Six Tips for Waking Up for Fajr When You Have Young Children

Sleepless nights. As I look back at the blur that was the first year of my children’s lives, I most vividly remember exhaustion. I reached a new level of “tired” that penetrated into my bones. When I thought I could not get more tired, my exhaustion reached a new peak. Yet as a practicing Muslim, I was supposed to find the will to get up and pray fajr in between my children’s night wakings. But how? How could I forgo sleep when it’s barely there in the first place?!

It becomes an arduous inner struggle to get up and pray when you feel you are almost justified in not getting up: you need to get SOME sleep before the baby gets up again so you can somewhat function in the morning.

But every time I turn off the alarm and feel myself sinking back into warm, blissful slumber, a powerful story rings in my heart: years ago, a friend’s father was jailed and tortured by a dictator in the Middle East. Once released, someone asked him if, after having seen the worst humanity has to offer, he was afraid of anything. He responded, “I only fear the day I don’t wake up for fajr”.

When you have children, there are so many things that can go wrong throughout the day. From minor things like being late for school, to major things like—God forbid—a child gets injured or worse. Just thinking about such possibilities shoots my anxiety through the roof. But if I start the day armed with fajr prayer, I know that my day is blessed. When I have prayed, there’s an extra pep in my step: I feel confident knowing that I am facing the day prepared with fajr. In fact, the Prophet Muhammed (pbuh) tells us, “Whoever prays the fajr prayer, he or she is then under Allah’s protection.” [Muslim]

To help muster up the will to lug myself out of bed, I compiled the following list of tips:

  • Make the intention before bed and set the alarm. Before going to sleep, I make the intention, or niyya, to get up for fajr, no matter how many times the babies wake me up. I set multiple alarms through out the time designated for fajr, just in case I don’t get up the first time. As much as I am tempted to use the babies as my fajr alarm, since they are likely to wake up sometime during the time to pray anyway, I think to myself: if I had an exam in the morning, would I leave it to the babies to wake me up? No. So why would I let them wake me up for something more important than an exam?!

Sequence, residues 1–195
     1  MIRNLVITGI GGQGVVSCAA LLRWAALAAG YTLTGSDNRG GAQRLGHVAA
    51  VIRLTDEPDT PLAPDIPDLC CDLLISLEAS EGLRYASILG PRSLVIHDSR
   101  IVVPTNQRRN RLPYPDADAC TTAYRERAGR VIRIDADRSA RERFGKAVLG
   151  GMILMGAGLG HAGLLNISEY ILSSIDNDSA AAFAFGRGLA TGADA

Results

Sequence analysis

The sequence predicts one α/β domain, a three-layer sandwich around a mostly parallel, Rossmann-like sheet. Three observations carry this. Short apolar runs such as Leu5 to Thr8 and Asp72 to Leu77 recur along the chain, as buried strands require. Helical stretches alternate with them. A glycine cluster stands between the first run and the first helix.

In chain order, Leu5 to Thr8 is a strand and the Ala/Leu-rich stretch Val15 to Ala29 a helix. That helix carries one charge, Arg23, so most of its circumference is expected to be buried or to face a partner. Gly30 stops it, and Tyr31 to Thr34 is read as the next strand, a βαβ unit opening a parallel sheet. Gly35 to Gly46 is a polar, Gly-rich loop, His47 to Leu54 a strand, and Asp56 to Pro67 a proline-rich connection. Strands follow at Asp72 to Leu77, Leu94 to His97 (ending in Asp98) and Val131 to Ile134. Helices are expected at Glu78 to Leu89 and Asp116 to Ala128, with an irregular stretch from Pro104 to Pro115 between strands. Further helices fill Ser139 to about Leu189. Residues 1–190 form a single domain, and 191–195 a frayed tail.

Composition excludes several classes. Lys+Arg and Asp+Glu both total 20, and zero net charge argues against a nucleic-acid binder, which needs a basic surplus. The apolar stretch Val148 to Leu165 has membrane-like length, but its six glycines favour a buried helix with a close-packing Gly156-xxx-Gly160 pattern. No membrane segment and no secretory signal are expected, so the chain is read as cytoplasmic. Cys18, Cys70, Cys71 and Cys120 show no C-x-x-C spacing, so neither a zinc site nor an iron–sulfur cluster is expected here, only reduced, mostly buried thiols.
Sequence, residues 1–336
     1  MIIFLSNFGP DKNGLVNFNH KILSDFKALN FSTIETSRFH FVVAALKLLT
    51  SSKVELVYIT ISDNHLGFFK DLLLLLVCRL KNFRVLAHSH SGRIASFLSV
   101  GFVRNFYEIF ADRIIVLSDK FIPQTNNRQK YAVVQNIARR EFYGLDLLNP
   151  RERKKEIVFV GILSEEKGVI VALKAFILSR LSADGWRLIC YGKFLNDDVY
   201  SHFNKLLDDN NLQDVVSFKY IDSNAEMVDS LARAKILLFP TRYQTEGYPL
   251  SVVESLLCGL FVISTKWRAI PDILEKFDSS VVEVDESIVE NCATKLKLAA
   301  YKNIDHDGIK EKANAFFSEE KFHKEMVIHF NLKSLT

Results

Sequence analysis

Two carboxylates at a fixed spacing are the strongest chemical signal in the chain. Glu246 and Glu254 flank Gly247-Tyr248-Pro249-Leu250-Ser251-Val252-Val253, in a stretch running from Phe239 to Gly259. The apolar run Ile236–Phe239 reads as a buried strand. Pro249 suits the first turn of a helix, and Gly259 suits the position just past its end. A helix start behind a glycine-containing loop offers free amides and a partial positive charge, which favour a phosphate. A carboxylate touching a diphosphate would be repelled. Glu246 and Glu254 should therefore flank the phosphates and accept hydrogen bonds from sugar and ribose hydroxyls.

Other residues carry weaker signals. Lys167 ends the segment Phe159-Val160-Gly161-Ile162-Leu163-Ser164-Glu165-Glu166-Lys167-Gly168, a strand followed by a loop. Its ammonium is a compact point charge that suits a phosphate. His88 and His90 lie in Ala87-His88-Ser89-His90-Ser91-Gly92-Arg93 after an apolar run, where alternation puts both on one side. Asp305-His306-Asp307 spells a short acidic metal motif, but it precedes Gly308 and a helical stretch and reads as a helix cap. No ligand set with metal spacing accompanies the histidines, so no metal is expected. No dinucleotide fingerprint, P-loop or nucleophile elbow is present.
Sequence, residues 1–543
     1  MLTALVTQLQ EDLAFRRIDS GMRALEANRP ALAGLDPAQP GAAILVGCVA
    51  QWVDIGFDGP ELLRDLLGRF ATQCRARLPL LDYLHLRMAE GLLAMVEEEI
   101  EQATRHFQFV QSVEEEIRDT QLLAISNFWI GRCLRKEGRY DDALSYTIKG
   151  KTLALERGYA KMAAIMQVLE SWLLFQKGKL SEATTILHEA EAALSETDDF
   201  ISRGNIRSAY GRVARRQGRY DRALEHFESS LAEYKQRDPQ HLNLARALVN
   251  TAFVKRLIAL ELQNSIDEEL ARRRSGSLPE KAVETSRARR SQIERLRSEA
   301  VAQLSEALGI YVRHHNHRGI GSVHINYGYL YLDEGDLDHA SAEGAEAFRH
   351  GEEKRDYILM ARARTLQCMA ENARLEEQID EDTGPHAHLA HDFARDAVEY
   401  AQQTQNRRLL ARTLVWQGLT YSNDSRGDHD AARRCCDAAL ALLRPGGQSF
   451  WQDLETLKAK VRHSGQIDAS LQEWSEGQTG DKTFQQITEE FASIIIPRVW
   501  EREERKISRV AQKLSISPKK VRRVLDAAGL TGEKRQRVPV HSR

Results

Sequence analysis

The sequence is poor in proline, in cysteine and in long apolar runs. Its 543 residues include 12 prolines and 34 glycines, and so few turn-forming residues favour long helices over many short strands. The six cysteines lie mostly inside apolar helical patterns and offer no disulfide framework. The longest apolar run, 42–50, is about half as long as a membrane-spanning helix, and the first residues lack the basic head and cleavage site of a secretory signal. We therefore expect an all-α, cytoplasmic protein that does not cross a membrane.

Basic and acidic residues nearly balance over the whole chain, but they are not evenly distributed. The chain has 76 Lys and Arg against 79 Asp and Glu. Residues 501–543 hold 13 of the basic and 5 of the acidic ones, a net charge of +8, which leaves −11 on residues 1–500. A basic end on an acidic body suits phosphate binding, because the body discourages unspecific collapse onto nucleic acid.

• Sleep early. As tempting as it is to stay up late after the babies have slept to enjoy some much-needed “me time” or “husband time”, it’s important not to stay up too late. It’s much easier to wake up for fajr when you’ve gone to bed earlier rather than later.
  • Say a’uthu billahi min al shaytan al rajeem (I seek refuge with Allah from the accursed Devil). The shaytan is full of glee when you choose your bed over prayer. So when your alarm rings and you would love nothing better than stay under your cozy covers, think of it as a war against your biggest enemy: the shaytan.
  • Think of all the things you have to get done and how much you need His help. When I’m tempted to skip fajr and get some continuous sleep, I think of the day full of tasks ahead of me. I remember how much I need Allah’s help to accomplish everything and suddenly I’m motivated to get up. I know I need Him to help me and praying fajr is the best way to enlist that help.
  • Get your spouse on board. Make sure your husband is just as motivated to wake up and pray. Get him to set his own alarms. That way, if you have an off day, you’ll have a cheerleader to get you out of bed. It will bring you closer together as you overcome the fajr struggle and it will help accomplish your early marriage goal of “bringing each other closer to Allah”.
  • Make dua’a. The most sure-fire way to accomplish your goals is to make dua’a for them. If you’re in a fajr slump or if you just want to make sure you keep getting up, make dua’a that Allah gives you the inner strength to get up when it’s hardest.

Waking up for fajr is no easy feat. Add young children to the mix and it’s often nearly impossible. But motherhood is one of the hardest jobs of all-time and there’s no better way to get some help from Above than waking up for fajr.

Bushra Tobah is a mother of two, residing in Toronto, Ontario. She has an MSc in International Business from the Ivey School of Business and has currently put her PhD on hold to stay home with the kids. She loves writing because unlike young children, writing makes sense.

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